As far as "what it's worth," any linux distribution is much more complete and feature rich than bare windows, for example, so $50 would be a bargain.

However, it doesn't work like that and is also not really the point. :)

nothingspecial
October 15th, 2012, 01:37 PM
This Website has been brought up a few times. Who owns it? It seems there may be paid staff. What entity pays them?



We get paid £1 for each spam post we put on the forums by whichever company the spam is for, and Canonical pays us £2 for each spam post we remove.

:p

vasa1
October 15th, 2012, 01:47 PM
We get paid £1 for each spam post we put on the forums by whichever company the spam is for, and Canonical pays us £2 for each spam post we remove.

:p
I knew that.

Now if someone manages to speed up the site loading a bit your earnings would increase.

thatguruguy
October 15th, 2012, 01:51 PM
It just doesn't make sense that a business asks for donations. It doesn't matter if it's a linux business or any other.


As noted by Jono Bacon (http://www.jonobacon.org/2012/10/09/easier-financial-contributions-to-ubuntu-2/), the idea was inspired by the Humble Bundle (http://en.wikipedia.org/wiki/Humble_Indie_Bundle). Since its inception, the Humble Bundle has generated over $23M (http://cheesetalks.twolofbees.com/humble/), most of which has gone to the game developers, all of whom are presumably businesses who are trying to make money.

You might argue that it makes no sense for the game developers (and now, musicians and authors) to participate in the Humble Bundle, but the fact that they continue to do so suggests that they would disagree with you.

furtom
October 15th, 2012, 02:23 PM
As noted by Jono Bacon (http://www.jonobacon.org/2012/10/09/easier-financial-contributions-to-ubuntu-2/), the idea was inspired by the Humble Bundle (http://en.wikipedia.org/wiki/Humble_Indie_Bundle). Since its inception, the Humble Bundle has generated over $23M (http://cheesetalks.twolofbees.com/humble/), most of which has gone to the game developers, all of whom are presumably businesses who are trying to make money.

You might argue that it makes no sense for the game developers (and now, musicians and authors) to participate in the Humble Bundle, but the fact that they continue to do so suggests that they would disagree with you.

I think you are missing an important point here.

The developers are contributing to open source writing software under the GPL (or other work under the CC). By the terms of the licence, all this work is available outside Humble Bundle and for free. Humble Bundle's business model is to collect donations for them and make it easy for users to download and install the software. For that they take a percentage. Good business plan.

But that's not at all what I perceive Canonical is doing. They are not, as far as I know, collecting donations for distribution to Debian and developers and extracting a fee for Ubuntu's role in providing it.

Programmers contribute to open source not to make money for any entity. The GPL makes their work open and available to anyone to build upon. In short, it's a service to the community. That is their motivation.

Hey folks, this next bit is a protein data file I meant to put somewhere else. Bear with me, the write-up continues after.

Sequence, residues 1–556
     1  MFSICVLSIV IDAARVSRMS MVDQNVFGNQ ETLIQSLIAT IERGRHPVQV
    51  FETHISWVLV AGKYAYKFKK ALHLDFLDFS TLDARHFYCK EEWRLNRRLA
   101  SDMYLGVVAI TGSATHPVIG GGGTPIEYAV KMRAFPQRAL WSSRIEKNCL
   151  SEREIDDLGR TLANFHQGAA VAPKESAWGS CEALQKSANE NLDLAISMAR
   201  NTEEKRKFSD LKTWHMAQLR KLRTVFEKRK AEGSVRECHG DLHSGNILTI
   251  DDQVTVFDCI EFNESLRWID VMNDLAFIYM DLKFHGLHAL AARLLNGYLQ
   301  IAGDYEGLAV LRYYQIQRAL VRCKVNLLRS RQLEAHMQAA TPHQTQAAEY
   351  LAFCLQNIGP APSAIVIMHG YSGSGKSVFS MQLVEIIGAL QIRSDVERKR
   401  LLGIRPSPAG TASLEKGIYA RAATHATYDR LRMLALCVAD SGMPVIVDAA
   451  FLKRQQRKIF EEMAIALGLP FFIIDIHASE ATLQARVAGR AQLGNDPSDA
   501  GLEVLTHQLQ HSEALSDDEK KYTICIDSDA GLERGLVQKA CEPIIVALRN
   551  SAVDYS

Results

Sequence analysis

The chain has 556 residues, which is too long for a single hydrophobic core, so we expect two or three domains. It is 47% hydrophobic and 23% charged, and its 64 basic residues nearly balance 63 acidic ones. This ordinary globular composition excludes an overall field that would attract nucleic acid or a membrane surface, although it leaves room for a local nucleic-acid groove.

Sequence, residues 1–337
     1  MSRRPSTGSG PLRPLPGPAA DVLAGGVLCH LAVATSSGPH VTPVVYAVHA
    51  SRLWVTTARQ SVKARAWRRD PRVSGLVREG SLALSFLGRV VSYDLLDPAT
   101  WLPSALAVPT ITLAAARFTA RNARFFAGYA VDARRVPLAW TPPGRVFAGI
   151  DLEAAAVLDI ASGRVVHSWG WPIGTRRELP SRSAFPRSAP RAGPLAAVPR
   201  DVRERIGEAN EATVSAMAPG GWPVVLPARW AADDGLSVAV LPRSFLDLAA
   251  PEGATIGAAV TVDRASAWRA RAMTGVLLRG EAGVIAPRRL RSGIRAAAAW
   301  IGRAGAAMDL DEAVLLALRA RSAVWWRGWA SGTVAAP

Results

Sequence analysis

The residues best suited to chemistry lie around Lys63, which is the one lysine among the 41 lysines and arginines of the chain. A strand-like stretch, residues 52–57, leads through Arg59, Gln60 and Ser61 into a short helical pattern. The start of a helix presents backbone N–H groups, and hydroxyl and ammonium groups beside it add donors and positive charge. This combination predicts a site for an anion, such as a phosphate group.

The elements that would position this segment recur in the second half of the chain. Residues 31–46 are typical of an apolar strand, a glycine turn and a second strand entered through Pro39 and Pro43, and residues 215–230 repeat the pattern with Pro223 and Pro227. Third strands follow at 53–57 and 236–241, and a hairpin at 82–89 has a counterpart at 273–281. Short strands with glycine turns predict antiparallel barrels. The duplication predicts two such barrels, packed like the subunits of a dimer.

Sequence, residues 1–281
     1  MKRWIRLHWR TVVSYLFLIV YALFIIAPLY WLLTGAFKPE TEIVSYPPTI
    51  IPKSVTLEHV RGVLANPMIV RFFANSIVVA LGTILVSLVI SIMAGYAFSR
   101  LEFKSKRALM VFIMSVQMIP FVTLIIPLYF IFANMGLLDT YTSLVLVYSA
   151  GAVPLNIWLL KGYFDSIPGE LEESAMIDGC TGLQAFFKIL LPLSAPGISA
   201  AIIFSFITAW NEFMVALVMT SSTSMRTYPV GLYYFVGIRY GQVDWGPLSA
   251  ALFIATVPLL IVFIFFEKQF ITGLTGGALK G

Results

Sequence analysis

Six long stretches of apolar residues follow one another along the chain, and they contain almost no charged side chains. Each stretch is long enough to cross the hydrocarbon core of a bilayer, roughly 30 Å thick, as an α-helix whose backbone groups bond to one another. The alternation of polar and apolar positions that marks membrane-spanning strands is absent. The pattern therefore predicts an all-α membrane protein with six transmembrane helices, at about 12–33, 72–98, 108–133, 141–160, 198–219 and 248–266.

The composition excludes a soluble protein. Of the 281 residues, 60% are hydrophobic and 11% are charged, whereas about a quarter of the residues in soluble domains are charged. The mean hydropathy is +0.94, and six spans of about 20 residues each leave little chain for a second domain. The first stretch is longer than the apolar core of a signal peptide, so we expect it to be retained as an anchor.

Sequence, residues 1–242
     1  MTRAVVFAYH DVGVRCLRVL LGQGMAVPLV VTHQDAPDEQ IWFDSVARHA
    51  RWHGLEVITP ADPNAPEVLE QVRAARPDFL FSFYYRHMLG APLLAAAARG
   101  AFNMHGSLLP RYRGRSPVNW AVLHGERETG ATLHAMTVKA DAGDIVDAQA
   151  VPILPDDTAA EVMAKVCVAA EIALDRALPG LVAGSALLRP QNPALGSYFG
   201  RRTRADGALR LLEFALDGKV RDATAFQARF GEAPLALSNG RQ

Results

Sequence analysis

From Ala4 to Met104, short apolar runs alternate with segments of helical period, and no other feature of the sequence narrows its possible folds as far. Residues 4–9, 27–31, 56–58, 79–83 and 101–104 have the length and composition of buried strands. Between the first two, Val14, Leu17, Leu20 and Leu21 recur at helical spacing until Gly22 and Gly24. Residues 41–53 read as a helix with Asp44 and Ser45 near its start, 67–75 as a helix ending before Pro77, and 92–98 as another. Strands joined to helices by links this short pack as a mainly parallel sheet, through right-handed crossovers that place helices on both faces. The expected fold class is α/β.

Anyone is free to try to make money with open source in any way except selling it! The GPL makes that very clear. And it's a good thing, too. If it weren't that way, Ubuntu wouldn't exist.

I'm not accusing Canonical of trying to sell Ubuntu. It's clear the donation is optional. There is no legal problem with this as far as the GPL is concerned.

I'd just rather donate to non profits. If Canonical provides a service I want to buy, I'd be happy to pay.

I'm not against the profit motive in any way. And I'm also a big proponent of open source. I just find it odd the way it's being done here. Makes no sense to me in fact.

thatguruguy
October 15th, 2012, 02:32 PM
I think you are missing an important point here.

...

Anyone is free to try to make money with open source in any way except selling it! The GPL makes that very clear. And it's a good thing, too. If it weren't that way, Ubuntu wouldn't exist.


Wait... what? First of all, you're wrong (http://www.gnu.org/philosophy/selling.html).

Secondly, Canonical pays a bunch of people, and (as already mentioned (http://ubuntuforums.org/showpost.php?p=12291731&postcount=62) in this thread), the requests relate to projects being done by Canonical.

I'm not convinced that I'm the one who is "missing an important point."

thatguruguy
October 15th, 2012, 02:33 PM
Moreover, the following statement:



The developers are contributing to open source writing software under the GPL (or other work under the CC). By the terms of the licence, all this work is available outside Humble Bundle and for free. Humble Bundle's business model is to collect donations for them and make it easy for users to download and install the software. For that they take a percentage. Good business plan.


... makes clear that you have no idea at all what the Humble Bundle is.

furtom
October 15th, 2012, 03:02 PM
Moreover, the following statement:



... makes clear that you have no idea at all what the Humble Bundle is.

You might be right about that. I was just going on what you said about them distributing money to developers.

OK, yes the GPL does allow for charging for distribution, but the source code has to be freely available to those it is distributed to. Those persons can do whatever they want with the source code.

The moment Ubuntu charged for the binaries, someone else would compile it and release it for free. That's the main reason most distributions are freely available. The market dictates it.

I got ahead of myself speaking in shorthand. Thanks for pointing it out.

jrog
October 15th, 2012, 03:05 PM